ENTERTAINMENT
July 28, 1997 | By Dan DeLuca, INQUIRER STAFF WRITER
The veteran British electronic music collective the Orb headed by Dr. Alex Paterson, which topped off a show at the Electric Factory on Saturday, is the inventor of ambient-house, a brand of often beatless music that's anticlimactic by design. An Orb show means to create a nexus between dance and sleep, a meeting place where dreamy almost-ready-to-crash psychedelics intermingle with the still-wired energy that comes from a long night of raving. It's chill-out music that brings the stoned conceptualism of Pink Floyd and Tangerine Dream to the dance floor.
ENTERTAINMENT
November 10, 2000 | By Lloylita Prout, FOR THE INQUIRER
Carson Daly is host of what cable show? Who married Msaada in Las Vegas? If you can answer either of those questions you are obviously an MTV voyeur, and, no doubt, will recognize DJ Skribble. He has only spun for the network's The Grind, Spring Break 2000 and . . . well, space is limited. But even resisters of "the loop" will be able to place this original member of the "Young Black Teenagers. " Followers remember watching him open for the Chemical Brothers or work the turntables for Biggie Smalls.
ENTERTAINMENT
April 8, 2011 | By Steven Rea, Inquirer Movie Critic
There's something to be said for living off the grid. You can hunt your food with bow and arrow, read by candlelight, wrap yourself in animal fur for the long winters. You can study languages - German, Italian, Spanish, Arabic. And if you're a young girl named Hanna and you live just south of the Arctic Circle with your taciturn dad, you can practice hand-to-hand combat and weapon skills and do chin-ups together. And then, one day, you can go out into the world and kill a bunch of people.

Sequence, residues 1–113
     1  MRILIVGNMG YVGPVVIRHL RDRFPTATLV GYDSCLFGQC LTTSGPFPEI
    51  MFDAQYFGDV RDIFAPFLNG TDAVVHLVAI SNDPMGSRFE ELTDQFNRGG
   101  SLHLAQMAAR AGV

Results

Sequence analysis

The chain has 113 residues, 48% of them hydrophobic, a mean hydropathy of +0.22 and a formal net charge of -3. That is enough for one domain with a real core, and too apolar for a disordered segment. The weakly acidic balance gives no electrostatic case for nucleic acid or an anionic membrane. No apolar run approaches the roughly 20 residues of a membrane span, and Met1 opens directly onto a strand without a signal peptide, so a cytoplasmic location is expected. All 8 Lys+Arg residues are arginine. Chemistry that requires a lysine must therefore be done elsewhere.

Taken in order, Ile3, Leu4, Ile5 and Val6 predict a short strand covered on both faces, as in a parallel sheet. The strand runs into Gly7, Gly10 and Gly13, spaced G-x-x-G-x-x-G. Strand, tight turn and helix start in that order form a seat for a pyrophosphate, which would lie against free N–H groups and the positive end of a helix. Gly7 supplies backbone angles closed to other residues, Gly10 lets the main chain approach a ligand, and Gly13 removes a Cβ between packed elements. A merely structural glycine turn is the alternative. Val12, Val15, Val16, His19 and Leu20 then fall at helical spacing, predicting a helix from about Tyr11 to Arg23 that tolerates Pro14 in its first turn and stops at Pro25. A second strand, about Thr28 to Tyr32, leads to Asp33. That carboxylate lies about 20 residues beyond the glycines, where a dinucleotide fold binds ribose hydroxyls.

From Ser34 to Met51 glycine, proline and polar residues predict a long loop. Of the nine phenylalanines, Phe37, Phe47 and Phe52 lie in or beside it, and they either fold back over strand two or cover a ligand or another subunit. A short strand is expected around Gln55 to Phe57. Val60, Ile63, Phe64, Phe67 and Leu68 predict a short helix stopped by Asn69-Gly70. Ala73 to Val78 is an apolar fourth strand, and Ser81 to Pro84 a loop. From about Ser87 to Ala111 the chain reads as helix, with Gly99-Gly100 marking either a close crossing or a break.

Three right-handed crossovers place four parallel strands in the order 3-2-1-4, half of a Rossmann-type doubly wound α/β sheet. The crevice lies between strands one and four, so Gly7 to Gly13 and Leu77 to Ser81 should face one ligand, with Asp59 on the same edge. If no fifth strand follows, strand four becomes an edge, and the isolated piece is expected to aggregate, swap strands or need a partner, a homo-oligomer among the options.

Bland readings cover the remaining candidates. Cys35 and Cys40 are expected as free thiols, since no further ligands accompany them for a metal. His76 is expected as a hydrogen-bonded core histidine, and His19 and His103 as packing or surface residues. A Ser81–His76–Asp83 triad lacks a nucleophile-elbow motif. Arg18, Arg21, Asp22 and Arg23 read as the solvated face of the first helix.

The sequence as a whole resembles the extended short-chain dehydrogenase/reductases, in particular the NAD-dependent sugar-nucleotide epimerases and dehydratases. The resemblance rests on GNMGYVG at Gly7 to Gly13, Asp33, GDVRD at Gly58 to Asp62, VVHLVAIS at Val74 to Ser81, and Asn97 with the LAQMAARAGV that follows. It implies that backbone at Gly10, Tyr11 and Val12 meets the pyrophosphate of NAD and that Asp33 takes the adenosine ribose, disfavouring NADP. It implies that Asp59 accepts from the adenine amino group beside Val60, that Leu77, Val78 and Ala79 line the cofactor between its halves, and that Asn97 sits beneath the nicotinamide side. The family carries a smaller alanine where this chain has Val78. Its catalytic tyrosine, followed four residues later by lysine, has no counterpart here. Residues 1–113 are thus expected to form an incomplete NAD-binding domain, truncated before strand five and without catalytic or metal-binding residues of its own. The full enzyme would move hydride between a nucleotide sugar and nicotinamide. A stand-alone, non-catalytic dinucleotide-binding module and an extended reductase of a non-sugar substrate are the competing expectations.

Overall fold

NEWS
January 2, 1998 | by Sara Sherr, For the Daily News
This was the year that alternative wasn't. WDRE died and went to Y-100. Courtney Love switched from Village Thrift to Versace. Lollapalooza loitered around the country. Soundgarden broke up and no one noticed. The "new" Khyber struggled with its restaurant-versus-rock identity and it remains unclear who the winner is. And Philadelphians who were left-of-the-dial lost underground icons like The Original Sins and Third Street Jazz and Rock. The record industry pitted rockers against DJs in this thing called electronica.
NEWS
March 15, 2013